In a recent contribution to this journal, Andrew Fenton and Sheri Alpert have argued that the so-called “extended mind hypothesis” allows us to understand why Brain Computer Interfaces (BCIs) have the potential to change the self of patients suffering from Locked-in syndrome (LIS) by extending their minds beyond their bodies. I deny that this can shed any light on the theoretical, or philosophical, underpinnings of BCIs as a tool for enabling communication with, or bodily action by, patients with LIS: BCIs (...)
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  10. Sven Walter (2010). Taking Realization Seriously: No Cure for Epiphobia. [REVIEW] Philosophical Studies 151 (2):207 - 226.
    The realization relation that allegedly holds between mental and physical properties plays a crucial role for so-called non-reductive physicalism because it is supposed to secure both the ontological autonomy of mental properties and, despite their irreducibility, their ability to make a causal difference to the course of the causally closed physical world. For a long time however, the nature of realization has largely been ignored in the philosophy of mind until a couple of years ago authors like Carl Gillett, Derk (...)
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  11. Miriam Kyselo & Sven Walter (2009). Supersizing the Mind. Philosophical Psychology 22 (6):803 – 807.
  12. Brian P. McLaughlin, Ansgar Beckermann & Sven Walter (eds.) (2009/2011). The Oxford Handbook of Philosophy of Mind. Oxford University Press.
    The study of the mind has always been one of the main preoccupations of philosophers, and has been a booming area of research in recent decades, with remarkable advances in psychology and neuroscience. Oxford University Press now presents the most authoritative and comprehensive guide ever published to the philosophy of mind. An outstanding international team of contributors offer 45 specially written critical surveys of a wide range of topics relating to the mind. The first two sections cover the place of (...)
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  13. Sven Walter (2009). Epiphenomenalism. In Brian McLaughlin, Ansgar Beckermann & Sven Walter (eds.), Oxford Handbook of Philosophy of Mind. Oxford University Press.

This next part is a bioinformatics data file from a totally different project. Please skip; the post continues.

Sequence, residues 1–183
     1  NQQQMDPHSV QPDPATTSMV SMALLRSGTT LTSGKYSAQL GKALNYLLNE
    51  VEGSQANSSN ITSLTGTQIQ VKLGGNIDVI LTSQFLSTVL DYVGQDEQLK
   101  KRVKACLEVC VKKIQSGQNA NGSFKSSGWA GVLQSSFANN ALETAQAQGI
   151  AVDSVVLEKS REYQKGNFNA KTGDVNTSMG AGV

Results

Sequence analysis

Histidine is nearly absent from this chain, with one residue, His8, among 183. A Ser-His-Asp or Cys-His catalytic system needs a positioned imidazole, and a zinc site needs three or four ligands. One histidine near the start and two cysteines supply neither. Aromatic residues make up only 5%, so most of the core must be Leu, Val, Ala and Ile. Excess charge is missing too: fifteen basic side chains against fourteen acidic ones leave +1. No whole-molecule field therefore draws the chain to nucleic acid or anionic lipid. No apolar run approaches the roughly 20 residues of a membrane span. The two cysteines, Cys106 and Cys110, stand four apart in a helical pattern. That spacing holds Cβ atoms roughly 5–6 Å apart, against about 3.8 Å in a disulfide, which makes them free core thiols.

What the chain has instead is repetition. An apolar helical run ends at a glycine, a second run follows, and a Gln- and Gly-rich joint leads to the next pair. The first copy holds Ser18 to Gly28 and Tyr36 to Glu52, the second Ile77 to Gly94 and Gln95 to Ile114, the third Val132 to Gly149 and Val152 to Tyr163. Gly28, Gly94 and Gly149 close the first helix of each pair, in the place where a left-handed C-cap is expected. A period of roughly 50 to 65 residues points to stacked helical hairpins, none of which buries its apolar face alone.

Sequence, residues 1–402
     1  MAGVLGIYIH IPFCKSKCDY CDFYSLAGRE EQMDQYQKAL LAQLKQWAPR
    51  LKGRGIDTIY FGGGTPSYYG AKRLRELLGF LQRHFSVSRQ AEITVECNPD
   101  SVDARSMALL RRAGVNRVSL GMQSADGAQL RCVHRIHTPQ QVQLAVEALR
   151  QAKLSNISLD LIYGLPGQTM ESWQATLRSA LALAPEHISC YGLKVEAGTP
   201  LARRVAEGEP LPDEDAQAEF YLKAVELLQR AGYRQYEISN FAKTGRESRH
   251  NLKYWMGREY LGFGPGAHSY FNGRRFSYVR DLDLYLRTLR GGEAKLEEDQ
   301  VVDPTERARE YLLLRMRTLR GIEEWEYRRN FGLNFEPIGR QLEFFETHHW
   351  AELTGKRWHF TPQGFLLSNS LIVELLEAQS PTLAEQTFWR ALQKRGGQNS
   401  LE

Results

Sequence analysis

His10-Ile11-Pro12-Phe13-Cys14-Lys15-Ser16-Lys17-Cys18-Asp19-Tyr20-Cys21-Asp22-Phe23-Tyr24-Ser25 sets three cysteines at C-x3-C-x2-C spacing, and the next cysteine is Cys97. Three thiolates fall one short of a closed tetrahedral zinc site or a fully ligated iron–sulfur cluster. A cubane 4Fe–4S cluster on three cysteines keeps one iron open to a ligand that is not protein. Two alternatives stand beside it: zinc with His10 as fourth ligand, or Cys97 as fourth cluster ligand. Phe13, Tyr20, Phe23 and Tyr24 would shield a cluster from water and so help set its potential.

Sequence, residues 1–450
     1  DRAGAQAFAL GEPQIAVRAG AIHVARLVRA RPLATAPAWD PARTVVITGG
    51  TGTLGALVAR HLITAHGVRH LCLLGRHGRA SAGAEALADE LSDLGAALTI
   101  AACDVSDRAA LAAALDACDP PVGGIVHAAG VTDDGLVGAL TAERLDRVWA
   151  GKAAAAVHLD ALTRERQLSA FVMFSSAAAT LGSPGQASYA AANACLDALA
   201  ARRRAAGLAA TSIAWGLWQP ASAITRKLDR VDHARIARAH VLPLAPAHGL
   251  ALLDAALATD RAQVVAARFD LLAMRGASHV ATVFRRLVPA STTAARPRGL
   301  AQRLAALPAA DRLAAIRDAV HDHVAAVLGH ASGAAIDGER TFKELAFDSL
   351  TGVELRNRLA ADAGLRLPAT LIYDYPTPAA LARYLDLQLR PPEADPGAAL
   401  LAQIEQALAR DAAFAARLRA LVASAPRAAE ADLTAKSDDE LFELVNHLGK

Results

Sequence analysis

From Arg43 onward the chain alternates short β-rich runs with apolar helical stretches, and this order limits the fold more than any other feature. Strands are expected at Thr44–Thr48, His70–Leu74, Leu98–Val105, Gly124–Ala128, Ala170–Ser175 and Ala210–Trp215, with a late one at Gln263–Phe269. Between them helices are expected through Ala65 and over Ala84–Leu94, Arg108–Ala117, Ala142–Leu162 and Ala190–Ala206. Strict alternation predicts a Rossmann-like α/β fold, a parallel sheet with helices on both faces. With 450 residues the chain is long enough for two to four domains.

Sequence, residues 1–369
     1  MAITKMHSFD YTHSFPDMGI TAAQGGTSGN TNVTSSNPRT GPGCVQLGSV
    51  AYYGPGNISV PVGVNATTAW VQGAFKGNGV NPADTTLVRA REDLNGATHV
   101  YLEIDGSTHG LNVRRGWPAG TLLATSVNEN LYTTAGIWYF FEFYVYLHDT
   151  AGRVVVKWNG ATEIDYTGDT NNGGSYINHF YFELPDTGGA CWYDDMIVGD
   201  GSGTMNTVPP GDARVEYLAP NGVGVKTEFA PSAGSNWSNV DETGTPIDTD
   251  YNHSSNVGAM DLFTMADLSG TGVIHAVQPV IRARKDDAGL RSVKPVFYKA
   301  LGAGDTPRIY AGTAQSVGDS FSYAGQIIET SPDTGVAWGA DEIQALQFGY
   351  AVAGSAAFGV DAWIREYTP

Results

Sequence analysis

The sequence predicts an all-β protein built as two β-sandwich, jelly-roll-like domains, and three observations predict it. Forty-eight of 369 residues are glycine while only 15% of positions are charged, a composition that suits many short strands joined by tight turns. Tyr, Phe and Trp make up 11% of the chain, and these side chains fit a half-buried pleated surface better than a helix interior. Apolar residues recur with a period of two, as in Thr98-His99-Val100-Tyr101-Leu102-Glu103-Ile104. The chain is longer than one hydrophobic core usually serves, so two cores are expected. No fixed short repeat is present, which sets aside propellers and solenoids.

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  14. Sven Walter (2009). Review: Robert C. Richardson: Evolutionary Psychology as Maladapted Psychology. [REVIEW] Mind 118 (470):523-527.
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  15. Sven Walter (2009). Realisierung und mentale Verursachung. Deutsche Zeitschrift für Philosophie 57 (5):689-708.
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  16. Sven Walter (2009). Wie frei sind wir eigentlich empirisch? Philosophia Naturalis 46 (1):8-35.
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  17. Sven Walter & Miriam Kyselo (2009). Fred Adams, Ken Aizawa: The Bounds of Cognition. [REVIEW] Erkenntnis 71 (2):277-281.
  18. Sven Walter & Miriam Kyselo (2009). Supersizing the Mind. Philosophical Psychology 22 (6):803-807.
  19. Sven Walter, B. McLaughlin & J. Cohen (2009). Epiphenomenalism and the Notion of Causation. In Martina Fürst, Wolfgang Gombocz & Christian Hiebaum (eds.), Gehirne Und Personen. Ontos.
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  20. Ansgar Beckermann, Holm Tetens & Sven Walter (eds.) (2008). Philosophie: Grundlagen Und Anwendungen/Philosophy: Foundations and Applications. Mentis.
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  21. Sven Walter (2008). Ist der Epiphänomenalismus absurd? Ein frischer Blick auf eine tot geglaubte Position. Zeitschrift für Philosophische Forschung 62 (3):415-432.
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  22. Sven Walter (2008). Physicalism, or Something Near Enough, by Jaegwon Kim. European Journal of Philosophy 16 (1):157–161.